Guillermo Pérez (Barcelona, 1980) is a conductor, researcher, specialist of early keyboards and virtuoso player of the organetto, the iconic and expressive portative organ from the 14th and 15th century. Pérez graduated from the Barcelona and Seville Conservatories and later studied in Milan, Rome and Toulouse. In the last 20 years he has become one of the rare specialists of the organetto, developing a unique technique with a refined and poetic personal style. He is the founder and artistic director of the renowned ensemble Tasto Solo, which performs regularly in the most prestigious European festivals and concert venues. He has collaborated with Mala Punica, J. Savall & Hespèrion XXI, Micrologus, The Unicorn Ensemble, Diabolus in Musica, and ClubMediéval and has recorded over 20 CDs for Aeon, Alia-Vox, Musica Ficta, Naïve, Passacaille, Pneuma, Raum-Klang, Ricercar and Zig-Zag Territoires labels.

Guillermo Pérez teaches organetto and medieval music at the Koninklijk Conservatorium Brussels (KCB) and renaissance music at the Pôle des Arts Baroques (PAB) of Toulouse Conservatory. He has developed educational programs at the Centre Itinérant de Recherche sur les Musiques Anciennes (CIRMA) in Moissac, France, the Gerona Conservatory of Music in Spain, and at the Centro Studi Europeo di Musica Medievale “Adolfo Broegg” Spello, Italy. He has given lectures at masterclasses in the conservatories of Vienna, Moscow and Orsay, at the Schola Cantorum Basiliensis, the Academia de Órgano Julián de la Orden, The Grieg Academy University of Bergen and the Essen Folkwang Universität der Künste.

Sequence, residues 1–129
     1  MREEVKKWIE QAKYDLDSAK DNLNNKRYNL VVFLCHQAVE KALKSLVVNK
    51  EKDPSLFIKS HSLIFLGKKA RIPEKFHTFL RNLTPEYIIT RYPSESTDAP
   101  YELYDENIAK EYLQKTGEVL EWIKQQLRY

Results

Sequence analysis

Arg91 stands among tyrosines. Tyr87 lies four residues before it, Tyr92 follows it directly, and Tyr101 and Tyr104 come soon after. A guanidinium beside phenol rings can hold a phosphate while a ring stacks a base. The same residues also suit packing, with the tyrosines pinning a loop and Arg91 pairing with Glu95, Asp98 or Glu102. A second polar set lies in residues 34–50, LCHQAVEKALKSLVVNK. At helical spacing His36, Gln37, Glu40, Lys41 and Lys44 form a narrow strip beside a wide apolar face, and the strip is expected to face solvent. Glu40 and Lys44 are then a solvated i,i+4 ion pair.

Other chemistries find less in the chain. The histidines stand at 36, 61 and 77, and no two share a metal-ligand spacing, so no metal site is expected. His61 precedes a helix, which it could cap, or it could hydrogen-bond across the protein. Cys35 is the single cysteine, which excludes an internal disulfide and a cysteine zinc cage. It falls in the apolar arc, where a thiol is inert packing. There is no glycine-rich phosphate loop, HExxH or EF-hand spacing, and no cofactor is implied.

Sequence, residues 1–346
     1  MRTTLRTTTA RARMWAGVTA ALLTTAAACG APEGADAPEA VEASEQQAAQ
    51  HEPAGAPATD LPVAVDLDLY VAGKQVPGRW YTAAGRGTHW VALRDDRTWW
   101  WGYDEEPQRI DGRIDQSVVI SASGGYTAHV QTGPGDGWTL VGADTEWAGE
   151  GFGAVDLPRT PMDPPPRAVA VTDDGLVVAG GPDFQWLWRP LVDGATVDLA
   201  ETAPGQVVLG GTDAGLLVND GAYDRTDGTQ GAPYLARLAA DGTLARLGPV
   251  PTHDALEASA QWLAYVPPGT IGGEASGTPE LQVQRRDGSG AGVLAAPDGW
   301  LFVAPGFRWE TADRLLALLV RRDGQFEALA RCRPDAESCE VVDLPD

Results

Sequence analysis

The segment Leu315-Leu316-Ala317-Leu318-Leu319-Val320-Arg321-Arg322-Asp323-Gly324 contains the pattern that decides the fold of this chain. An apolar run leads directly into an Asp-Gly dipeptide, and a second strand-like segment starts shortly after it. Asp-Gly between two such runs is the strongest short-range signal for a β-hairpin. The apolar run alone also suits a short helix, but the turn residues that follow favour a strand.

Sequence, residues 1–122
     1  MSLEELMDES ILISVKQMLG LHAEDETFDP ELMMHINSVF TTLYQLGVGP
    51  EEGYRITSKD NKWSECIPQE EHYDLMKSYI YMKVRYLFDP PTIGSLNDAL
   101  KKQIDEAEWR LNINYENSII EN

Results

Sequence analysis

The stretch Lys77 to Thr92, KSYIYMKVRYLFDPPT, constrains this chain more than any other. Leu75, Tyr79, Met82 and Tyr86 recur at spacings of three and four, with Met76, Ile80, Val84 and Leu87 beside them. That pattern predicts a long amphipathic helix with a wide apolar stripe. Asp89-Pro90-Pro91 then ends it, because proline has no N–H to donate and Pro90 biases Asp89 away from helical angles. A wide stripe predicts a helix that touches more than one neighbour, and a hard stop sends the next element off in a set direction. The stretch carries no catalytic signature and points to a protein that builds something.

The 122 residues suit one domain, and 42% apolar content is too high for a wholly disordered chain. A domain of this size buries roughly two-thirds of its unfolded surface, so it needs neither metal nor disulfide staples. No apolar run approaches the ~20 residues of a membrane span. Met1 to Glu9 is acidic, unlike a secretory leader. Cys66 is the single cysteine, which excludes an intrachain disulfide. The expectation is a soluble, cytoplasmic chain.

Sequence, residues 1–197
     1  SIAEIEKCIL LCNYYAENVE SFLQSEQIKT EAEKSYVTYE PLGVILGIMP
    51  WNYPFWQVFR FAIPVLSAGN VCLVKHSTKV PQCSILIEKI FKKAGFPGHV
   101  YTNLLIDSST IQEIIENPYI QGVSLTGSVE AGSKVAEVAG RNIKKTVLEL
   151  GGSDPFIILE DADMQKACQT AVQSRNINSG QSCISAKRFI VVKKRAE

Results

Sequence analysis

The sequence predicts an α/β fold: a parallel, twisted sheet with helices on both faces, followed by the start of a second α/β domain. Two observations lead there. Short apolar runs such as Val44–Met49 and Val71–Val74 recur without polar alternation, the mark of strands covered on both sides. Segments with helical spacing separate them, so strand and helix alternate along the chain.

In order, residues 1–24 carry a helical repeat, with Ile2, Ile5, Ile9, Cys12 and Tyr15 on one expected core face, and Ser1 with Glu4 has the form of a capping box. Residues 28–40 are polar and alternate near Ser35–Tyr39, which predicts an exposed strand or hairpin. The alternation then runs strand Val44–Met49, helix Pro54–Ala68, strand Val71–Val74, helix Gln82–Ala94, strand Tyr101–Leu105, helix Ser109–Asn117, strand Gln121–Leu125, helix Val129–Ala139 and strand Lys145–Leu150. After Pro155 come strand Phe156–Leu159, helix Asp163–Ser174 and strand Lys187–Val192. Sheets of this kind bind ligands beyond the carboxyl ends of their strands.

As an avid solo performer, Guillermo Pérez has developed programs based not only on his research of the organetto and its historical context, but also it’s place in the modern musical landscape: collaborating with the renowned Spanish composer José-María Sánchez-Verdú to premiere his works Totentanz-Buch (2015, Semana de Música Religiosa de Cuenca), Tous les Regretz (2016, Museo del Prado - Exposición El Bosco), and Chanson bleue (2019, Fundación Juan March). Together with Italian organ maker Walter Chinaglia, he (re)constructs medieval and early Renaissance organetti and organ models. In 2012 they brought to life the surprising organ designed by Leonardo da Vinci in 1503 and preserved in one of his personal notebooks, the Codex Madrid II (fol. 76r) from the Biblioteca Nacional de España.